Great expectations stall on the internet

Internet Research, Web site audits

Despite great expectations, growth in Internet access among the South African public has slowed to a crawl, with the dial-up market experiencing no growth in subscribers for the first time since the industry was launched in 1993.Solid growth in corporate usage and dramatic uptake of broadband has, however, helped to push the number of South Africans with Internet access up by 5%.

This is the key finding of the latest edition of World Wide Worx’s annual study of the South African Internet access industry.   According to “The Goldstuck Report: Internet Access in South Africa 2005”, 3,6-million South Africans will have access to the Internet at the end of 2005. This means growth in 2005 ticked up slightly from 4% in 2004 to 5% in 2005, giving 1 in every 12 South Africans access to the Internet, marginally up from 1 in 13 at the end of 2003.   “While the arrival of broadband or high-speed Internet access has transformed the Internet access landscape in terms of technology choice, its impact has been felt far more strongly in existing users migrating from dial-up usage than in new users coming online,” says Arthur Goldstuck, MD of World Wide Worx.

Developments that were expected to boost growth in 2004 and 2005, such as the roll-out of competitive access services to businesses by the Second Network Operator (SNO), failed to materialise, and there is still no clarity on when or how the SNO will begin to serve the local Internet market. As stated in by World Wide Worx previously, accelerated growth in Internet usage is heavily dependent on the timely and effective roll-out of the SNO.

Among the most significant findings were:

  • The dial-up market has stalled since it passed the one-million mark for the first time in 2002, with rapid growth in Telkom Internet’s service making up for tremendous churn in the customer bases of other dial-up ISPs;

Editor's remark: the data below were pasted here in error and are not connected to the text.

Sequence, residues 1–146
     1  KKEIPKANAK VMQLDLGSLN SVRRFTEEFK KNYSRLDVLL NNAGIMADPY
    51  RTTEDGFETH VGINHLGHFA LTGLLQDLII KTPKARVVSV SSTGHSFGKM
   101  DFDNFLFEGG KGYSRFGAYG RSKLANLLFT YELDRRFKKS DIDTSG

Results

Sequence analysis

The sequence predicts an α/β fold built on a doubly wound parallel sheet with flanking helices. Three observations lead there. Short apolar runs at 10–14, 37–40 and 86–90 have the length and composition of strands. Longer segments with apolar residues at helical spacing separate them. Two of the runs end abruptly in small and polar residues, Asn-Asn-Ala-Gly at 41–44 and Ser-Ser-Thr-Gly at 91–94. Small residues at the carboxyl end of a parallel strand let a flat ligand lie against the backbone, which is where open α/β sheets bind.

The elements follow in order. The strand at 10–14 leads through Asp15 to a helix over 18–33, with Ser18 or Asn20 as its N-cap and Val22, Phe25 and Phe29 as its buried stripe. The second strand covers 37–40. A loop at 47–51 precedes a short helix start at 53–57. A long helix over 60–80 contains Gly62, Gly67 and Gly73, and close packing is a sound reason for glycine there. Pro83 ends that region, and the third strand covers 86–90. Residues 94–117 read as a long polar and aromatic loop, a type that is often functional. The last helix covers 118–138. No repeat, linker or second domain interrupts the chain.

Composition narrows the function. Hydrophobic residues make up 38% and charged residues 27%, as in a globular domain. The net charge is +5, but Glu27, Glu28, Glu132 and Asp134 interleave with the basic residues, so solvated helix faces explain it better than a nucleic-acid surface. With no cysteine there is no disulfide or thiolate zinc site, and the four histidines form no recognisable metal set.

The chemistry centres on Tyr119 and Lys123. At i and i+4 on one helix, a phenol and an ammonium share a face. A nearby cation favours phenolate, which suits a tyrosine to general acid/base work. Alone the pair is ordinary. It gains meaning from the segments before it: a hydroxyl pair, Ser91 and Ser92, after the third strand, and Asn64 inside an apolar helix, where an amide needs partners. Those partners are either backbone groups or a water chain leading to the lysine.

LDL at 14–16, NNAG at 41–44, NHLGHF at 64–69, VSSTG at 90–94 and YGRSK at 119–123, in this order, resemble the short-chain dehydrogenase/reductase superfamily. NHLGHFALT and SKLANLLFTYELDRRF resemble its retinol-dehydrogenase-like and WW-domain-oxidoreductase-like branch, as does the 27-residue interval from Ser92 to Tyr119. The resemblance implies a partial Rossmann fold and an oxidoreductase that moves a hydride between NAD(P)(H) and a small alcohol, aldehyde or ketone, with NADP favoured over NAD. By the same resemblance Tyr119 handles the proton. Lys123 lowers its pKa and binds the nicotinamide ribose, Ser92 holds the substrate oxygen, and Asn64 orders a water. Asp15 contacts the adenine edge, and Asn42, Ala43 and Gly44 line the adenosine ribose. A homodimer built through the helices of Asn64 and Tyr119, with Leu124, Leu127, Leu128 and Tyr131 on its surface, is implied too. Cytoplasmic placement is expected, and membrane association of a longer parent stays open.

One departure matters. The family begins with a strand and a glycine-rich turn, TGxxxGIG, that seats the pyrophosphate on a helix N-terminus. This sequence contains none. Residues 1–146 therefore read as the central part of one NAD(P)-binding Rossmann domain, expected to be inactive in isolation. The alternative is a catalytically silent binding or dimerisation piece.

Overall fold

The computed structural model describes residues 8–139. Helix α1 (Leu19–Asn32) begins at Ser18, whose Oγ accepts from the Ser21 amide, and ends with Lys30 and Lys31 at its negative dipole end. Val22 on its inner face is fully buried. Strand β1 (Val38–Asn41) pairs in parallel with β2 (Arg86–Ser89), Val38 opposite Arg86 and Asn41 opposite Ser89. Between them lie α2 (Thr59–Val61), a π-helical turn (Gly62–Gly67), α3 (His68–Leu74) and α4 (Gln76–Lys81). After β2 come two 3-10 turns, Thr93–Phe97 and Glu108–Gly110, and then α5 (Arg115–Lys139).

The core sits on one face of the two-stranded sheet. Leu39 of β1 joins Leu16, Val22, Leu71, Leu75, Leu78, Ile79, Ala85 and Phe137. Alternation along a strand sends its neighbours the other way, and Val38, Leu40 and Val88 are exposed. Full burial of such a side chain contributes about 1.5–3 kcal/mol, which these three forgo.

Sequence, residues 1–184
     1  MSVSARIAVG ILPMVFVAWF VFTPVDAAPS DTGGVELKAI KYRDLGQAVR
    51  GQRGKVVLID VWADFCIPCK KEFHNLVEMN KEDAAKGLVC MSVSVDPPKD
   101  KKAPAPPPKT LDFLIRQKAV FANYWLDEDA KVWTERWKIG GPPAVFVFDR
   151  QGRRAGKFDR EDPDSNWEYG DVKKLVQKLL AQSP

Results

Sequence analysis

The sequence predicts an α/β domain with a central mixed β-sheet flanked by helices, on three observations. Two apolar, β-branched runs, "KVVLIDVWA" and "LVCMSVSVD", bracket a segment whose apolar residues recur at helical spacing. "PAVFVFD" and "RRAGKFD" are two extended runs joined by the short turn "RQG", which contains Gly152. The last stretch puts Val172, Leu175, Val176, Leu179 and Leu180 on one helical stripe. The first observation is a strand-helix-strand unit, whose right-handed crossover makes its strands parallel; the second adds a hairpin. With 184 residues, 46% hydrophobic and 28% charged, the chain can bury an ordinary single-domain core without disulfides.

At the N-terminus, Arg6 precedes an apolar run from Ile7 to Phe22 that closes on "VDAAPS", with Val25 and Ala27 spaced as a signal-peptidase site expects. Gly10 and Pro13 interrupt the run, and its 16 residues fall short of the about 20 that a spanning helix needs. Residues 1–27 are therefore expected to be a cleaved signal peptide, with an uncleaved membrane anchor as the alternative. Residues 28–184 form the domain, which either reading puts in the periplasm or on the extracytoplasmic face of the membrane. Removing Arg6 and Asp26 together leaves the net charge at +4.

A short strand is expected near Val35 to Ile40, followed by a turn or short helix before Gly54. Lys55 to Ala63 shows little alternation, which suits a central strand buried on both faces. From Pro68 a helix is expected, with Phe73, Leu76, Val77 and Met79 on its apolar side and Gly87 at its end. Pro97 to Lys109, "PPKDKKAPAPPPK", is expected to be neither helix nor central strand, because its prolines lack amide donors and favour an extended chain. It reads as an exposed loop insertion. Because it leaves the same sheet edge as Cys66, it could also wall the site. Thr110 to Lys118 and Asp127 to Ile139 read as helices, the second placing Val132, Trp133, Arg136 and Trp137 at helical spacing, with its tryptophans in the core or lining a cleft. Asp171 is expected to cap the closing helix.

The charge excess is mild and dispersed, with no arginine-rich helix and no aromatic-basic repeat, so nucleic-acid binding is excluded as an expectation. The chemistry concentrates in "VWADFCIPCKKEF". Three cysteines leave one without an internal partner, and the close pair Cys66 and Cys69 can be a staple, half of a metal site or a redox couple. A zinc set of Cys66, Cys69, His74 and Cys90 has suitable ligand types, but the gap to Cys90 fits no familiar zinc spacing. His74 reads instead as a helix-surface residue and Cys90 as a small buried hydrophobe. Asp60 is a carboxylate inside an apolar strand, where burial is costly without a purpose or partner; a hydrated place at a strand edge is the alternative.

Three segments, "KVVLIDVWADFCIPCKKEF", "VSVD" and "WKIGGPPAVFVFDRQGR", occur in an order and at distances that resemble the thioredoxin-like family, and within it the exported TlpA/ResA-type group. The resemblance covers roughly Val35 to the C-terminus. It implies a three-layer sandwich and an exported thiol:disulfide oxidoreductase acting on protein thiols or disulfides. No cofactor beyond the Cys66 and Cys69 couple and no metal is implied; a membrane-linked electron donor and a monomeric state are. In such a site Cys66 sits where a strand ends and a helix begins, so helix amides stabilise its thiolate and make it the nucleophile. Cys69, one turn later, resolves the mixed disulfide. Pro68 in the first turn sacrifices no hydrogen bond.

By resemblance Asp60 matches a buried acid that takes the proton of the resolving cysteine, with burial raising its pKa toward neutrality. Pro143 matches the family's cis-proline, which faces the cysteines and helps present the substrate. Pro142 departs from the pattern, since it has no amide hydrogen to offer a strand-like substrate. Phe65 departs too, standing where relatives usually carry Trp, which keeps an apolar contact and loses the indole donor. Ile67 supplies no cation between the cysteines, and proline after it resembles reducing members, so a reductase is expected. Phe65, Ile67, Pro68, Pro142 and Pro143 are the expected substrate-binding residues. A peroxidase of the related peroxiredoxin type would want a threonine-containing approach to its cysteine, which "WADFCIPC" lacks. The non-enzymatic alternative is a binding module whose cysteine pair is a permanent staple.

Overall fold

• As broadband access comes down in price and improves in performance, it will reduce the size of the dial-up market, unless more concrete efforts are made to reach disadvantaged communities;
  • The leased line market for corporate access remains healthy, bolstered by growth in Virtual Private Networks and corporate-grade Voice over IP. However, while the number of lines continues to grow to support volume of demand from existing users, it is not matched by equivalent growth in new users with access to such lines.
  • Schools connectivity has been a damp squib after much was promised by provincial authorities, with delivery delayed by up to three years;
  • Most Internet Service Providers are evolving into providers of specialised data and telecommunications services, no longer depending on dial-up subscribers or pure Internet connectivity for their revenue.

“The good news is that impatience with the slow pace of Internet growth and the high cost of connectivity has permeated the upper echelons of government,” says Goldstuck. “As a result, another significant shift in telecommunications policy, equivalent to the deregulation of voice calls over the Internet, could occur in the next two years.”

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